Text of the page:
- Nov 13, 2007
Toyota delivers pair of plug-in Prius to California universities
The current Prius provides a good base for the research, and didn't change drastically to pull PHEV duty. There's a larger battery pack occupying the space normally reserved for the spare tire, and the powertrain controller allows more frequent EV-mode operation, as well as running on battery to about 60 mph. The battery pack size will shrink as new technologies come online, and the limited (7 miles) range in EV mode will likely also increase. Quite an about-face from the days not too long ago when Toyota was vociferously denouncing PHEV conversions of their cockroach-shaped four-wheeled eco-statement.
Hit the jump for Toyota's press release.
11/09/2007 Torrance, CA - Toyota Motor Sales, U.S.A., Inc., (TMS) today presented two Toyota plug-in (PHEV) hybrid prototypes to the Institute of Transportation Studies at the University of California, Berkeley (UCB) and the Advanced Power and Energy Program at the University of California, Irvine (UCI) as part of its on-going sustainable mobility development program with the two UC campuses.
"We feel there is tremendous promise in plug-in hybrids," said Bob Carter, Toyota Division group vice president and general manager. "However, there are still many questions to be answered and challenges to be resolved before Toyota can bring a product to market that has the quality, durability and reliability that customers expect from us. The universities will help us and California better understand what it will take to turn these options into meaningful solutions."
Toyota has a long history of working collaboratively with both universities on the development of advanced technology and alternative-fuel vehicles, including demonstration and research programs involving fuel cell vehicles, gas-electric hybrids and pure electric vehicles. This next phase of the partnership involving plug-in hybrid vehicles is being funded jointly with the California Air Resources Board (CARB) and the California Energy Commission (CEC). The goal of this program, which was authorized under California Assembly Bill 1811, is to incentivize the use and production of alternative fuels and vehicles.
"As the state with the nation"s most challenging air quality issues, California has a vital interest in developing and promoting the use of clean, cutting-edge automotive technologies, said Thomas Cackette, chief deputy executive officer of CARB. "The Air Resources Board is proud to play a pivotal role in financially supporting this plug-in hybrid project. We look forward to the results of the study and the potential implications this groundbreaking research may have for all of us in California who want cleaner transportation options."
The Toyota PHEVs delivered today are based on the current-generation Prius, the world"s first and most popular hybrid vehicle. The cars are powered by oversized packs of nickel-metal hydride batteries that effectively simulate the level of performance Toyota expects to achieve when it eventually develops more advanced, compact and powerful battery systems.
The prototypes are designed to run in electric mode more often, and at higher speeds, than the current Prius. This results in substantial gains in fuel economy and a major reduction in total tailpipe emissions. Reductions in CO2 emissions will vary depending on the source of the electricity that recharges the secondary battery. Charging is done conveniently, with an ordinary three-prong cord and household electrical outlet. The extra battery is housed in the trunk, taking up what was space for a spare tire.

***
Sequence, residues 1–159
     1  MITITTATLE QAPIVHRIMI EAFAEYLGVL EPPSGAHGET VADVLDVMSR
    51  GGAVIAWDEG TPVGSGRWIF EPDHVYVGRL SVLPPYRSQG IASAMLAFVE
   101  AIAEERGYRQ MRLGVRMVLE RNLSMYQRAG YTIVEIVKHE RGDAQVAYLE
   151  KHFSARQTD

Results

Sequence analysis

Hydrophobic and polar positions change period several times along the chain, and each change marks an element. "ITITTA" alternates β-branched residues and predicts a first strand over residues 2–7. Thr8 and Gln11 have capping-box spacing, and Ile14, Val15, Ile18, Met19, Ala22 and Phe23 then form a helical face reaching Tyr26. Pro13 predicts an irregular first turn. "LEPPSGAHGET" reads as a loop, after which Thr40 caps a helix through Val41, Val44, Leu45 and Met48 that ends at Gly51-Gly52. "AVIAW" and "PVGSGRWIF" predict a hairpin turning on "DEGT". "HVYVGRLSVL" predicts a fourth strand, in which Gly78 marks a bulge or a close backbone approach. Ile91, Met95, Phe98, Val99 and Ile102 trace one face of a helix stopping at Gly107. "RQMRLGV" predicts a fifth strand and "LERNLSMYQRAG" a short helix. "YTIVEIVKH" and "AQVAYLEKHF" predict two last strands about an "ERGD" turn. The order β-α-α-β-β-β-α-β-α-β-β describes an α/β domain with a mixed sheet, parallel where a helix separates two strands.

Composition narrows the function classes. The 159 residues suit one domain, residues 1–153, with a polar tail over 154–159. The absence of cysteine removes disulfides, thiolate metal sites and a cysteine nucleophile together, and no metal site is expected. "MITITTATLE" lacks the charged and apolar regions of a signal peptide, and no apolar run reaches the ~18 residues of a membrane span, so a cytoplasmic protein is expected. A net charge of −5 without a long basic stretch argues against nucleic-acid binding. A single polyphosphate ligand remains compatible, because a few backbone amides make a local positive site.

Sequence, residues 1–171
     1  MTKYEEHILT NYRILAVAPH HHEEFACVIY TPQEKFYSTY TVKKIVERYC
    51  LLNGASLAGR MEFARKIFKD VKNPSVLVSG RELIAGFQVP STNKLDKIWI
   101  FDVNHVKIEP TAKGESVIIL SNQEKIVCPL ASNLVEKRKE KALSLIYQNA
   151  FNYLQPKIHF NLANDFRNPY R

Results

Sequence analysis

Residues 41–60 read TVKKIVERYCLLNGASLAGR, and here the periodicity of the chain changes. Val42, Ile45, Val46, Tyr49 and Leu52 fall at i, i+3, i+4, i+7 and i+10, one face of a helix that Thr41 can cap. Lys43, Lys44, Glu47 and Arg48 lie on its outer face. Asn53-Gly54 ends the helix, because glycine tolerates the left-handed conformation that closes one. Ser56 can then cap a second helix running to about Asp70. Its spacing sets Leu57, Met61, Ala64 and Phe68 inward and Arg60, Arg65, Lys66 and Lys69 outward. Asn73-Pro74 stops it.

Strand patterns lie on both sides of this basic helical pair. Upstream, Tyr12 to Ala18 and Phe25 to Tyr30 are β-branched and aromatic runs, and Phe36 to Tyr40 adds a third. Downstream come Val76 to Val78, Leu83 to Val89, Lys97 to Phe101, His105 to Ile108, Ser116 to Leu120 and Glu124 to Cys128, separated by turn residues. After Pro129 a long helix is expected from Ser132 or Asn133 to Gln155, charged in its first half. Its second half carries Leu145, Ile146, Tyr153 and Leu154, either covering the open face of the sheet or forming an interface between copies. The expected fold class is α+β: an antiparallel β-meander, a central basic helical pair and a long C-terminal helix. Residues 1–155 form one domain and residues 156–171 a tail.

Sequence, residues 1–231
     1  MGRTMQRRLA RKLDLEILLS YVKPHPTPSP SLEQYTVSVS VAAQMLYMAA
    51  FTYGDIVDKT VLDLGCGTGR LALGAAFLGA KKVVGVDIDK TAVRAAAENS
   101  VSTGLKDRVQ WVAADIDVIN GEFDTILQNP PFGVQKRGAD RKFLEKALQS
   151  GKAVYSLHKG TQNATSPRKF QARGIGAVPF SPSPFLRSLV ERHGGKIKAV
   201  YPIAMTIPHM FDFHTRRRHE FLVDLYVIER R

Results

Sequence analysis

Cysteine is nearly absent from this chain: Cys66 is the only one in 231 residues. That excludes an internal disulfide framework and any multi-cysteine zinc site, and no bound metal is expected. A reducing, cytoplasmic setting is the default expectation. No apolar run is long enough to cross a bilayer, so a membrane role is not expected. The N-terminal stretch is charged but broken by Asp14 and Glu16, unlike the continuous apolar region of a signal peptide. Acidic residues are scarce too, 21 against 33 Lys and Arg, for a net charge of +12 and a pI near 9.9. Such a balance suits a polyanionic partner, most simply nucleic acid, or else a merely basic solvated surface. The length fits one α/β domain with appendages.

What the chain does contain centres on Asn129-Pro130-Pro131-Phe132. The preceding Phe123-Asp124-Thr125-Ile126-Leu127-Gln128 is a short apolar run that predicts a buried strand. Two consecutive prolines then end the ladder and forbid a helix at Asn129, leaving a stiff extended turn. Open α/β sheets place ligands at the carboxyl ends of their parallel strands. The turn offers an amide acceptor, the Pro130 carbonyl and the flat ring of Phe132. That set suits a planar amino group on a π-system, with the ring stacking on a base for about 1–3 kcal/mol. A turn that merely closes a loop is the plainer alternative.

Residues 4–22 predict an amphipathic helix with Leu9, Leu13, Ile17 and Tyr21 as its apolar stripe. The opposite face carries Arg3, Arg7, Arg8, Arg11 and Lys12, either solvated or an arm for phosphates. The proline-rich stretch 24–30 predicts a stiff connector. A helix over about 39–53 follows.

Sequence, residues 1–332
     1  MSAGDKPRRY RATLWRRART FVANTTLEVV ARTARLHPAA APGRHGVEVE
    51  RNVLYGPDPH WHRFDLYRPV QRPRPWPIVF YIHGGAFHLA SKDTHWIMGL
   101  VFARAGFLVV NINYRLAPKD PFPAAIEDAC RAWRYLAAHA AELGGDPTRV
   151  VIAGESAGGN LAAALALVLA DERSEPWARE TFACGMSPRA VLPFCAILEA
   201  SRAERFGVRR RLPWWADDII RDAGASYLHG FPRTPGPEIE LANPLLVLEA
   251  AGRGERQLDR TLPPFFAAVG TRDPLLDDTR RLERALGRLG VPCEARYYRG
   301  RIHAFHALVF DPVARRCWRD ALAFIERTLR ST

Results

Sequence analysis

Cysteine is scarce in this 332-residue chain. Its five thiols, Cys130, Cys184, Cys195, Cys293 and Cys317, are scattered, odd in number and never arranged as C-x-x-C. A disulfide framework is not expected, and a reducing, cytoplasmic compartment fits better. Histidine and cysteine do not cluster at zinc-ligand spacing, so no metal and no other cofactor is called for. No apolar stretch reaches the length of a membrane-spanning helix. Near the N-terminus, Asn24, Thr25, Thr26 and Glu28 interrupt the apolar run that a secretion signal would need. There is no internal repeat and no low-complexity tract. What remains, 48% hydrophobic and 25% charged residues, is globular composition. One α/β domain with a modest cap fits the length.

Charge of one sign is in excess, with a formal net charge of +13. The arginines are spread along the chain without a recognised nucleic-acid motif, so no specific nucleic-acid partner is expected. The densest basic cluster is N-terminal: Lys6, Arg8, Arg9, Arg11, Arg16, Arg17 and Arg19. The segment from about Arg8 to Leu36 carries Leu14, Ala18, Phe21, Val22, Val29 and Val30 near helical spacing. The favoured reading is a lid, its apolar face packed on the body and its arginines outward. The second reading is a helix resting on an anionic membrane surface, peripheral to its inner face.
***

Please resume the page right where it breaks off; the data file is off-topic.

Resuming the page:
UC Irvine will be focusing on some of the technical challenges, as well as determining the emissions benefits of plug-ins, including:
• How to measure and test fuel economy and vehicle emissions;
• How to account for the upstream emissions from electricity generation;
• In regions with a higher-carbon grid mix, whether plug-ins would provide an emissions benefit.
"The Toyota PHEV represents the introduction of electricity into a fuel mix that supports a full-featured vehicle," said Scott Samuelsen, professor and director of UC Irvine"s Advanced Power and Energy Program. "Our alliance with UC Berkeley will allow us to undertake key research in areas ranging from engineering to social dynamics across the breadth of California."
UC Berkeley will primarily focus on the customer experience, including:
• Whether consumers would want to plug in their vehicles;
• What trade-offs drivers are willing to make between range, charging time, battery size and battery cost;
• When people will charge and if drivers will want access to outlets where they work and shop.
"The Institute of Transportation Studies at UC Berkeley is delighted to participate in the Clean Mobility Partnership with the project's sponsors and partners," said Prof. Mike Cassidy, acting director of the institute. "The project will conduct ground breaking, real-world research with plug-in hybrid and fuel cell electric vehicles to better understand potential vehicle usage and refueling patterns, consumer perceptions, economics, and energy and environmental impacts.
All of these questions are important in determining the optimal product attributes. Developing a future vehicle landscape that includes alternative fuels and high-efficiency, low-emission vehicles will require the coordination and cooperation of many partners. Toyota will continue to do its part to advance all of the possible solutions to reducing the greenhouse gas and emissions impacts of the automobile.